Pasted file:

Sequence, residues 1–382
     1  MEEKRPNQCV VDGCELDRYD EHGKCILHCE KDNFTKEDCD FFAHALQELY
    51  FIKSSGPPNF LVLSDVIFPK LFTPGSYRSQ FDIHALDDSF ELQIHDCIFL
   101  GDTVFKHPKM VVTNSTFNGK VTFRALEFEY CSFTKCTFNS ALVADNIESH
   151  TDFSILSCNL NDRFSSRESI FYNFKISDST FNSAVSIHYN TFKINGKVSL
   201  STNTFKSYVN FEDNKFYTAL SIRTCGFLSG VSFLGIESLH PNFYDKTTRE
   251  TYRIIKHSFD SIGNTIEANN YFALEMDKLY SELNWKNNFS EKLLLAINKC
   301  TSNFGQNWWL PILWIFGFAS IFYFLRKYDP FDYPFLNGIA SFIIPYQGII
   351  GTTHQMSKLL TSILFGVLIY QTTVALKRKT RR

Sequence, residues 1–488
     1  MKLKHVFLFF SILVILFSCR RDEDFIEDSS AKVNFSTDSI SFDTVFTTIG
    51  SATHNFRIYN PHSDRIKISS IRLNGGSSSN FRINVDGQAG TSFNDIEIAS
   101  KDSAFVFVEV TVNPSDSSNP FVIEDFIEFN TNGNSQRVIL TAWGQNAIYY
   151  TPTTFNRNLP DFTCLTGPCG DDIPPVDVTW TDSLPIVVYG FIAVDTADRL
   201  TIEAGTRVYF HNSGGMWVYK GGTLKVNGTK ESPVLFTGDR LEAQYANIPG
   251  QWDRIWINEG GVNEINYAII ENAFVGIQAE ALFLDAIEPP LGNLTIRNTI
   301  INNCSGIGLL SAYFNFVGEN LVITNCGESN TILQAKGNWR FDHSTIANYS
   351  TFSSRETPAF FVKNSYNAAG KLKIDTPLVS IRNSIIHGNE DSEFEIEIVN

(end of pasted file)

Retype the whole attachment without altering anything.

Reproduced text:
Sequence, residues 1–382
     1  MEEKRPNQCV VDGCELDRYD EHGKCILHCE KDNFTKEDCD FFAHALQELY
    51  FIKSSGPPNF LVLSDVIFPK LFTPGSYRSQ FDIHALDDSF ELQIHDCIFL
   101  GDTVFKHPKM VVTNSTFNGK VTFRALEFEY CSFTKCTFNS ALVADNIESH
   151  TDFSILSCNL NDRFSSRESI FYNFKISDST FNSAVSIHYN TFKINGKVSL
   201  STNTFKSYVN FEDNKFYTAL SIRTCGFLSG VSFLGIESLH PNFYDKTTRE
   251  TYRIIKHSFD SIGNTIEANN YFALEMDKLY SELNWKNNFS EKLLLAINKC
   301  TSNFGQNWWL PILWIFGFAS IFYFLRKYDP FDYPFLNGIA SFIIPYQGII
   351  GTTHQMSKLL TSILFGVLIY QTTVALKRKT RR

Sequence, residues 1–488
     1  MKLKHVFLFF SILVILFSCR RDEDFIEDSS AKVNFSTDSI SFDTVFTTIG
    51  SATHNFRIYN PHSDRIKISS IRLNGGSSSN FRINVDGQAG TSFNDIEIAS
   101  KDSAFVFVEV TVNPSDSSNP FVIEDFIEFN TNGNSQRVIL TAWGQNAIYY
   151  TPTTFNRNLP DFTCLTGPCG DDIPPVDVTW TDSLPIVVYG FIAVDTADRL
   201  TIEAGTRVYF HNSGGMWVYK GGTLKVNGTK ESPVLFTGDR LEAQYANIPG
   251  QWDRIWINEG GVNEINYAII ENAFVGIQAE ALFLDAIEPP LGNLTIRNTI
   301  INNCSGIGLL SAYFNFVGEN LVITNCGESN TILQAKGNWR FDHSTIANYS
   351  TFSSRETPAF FVKNSYNAAG KLKIDTPLVS IRNSIIHGNE DSEFEIEIVN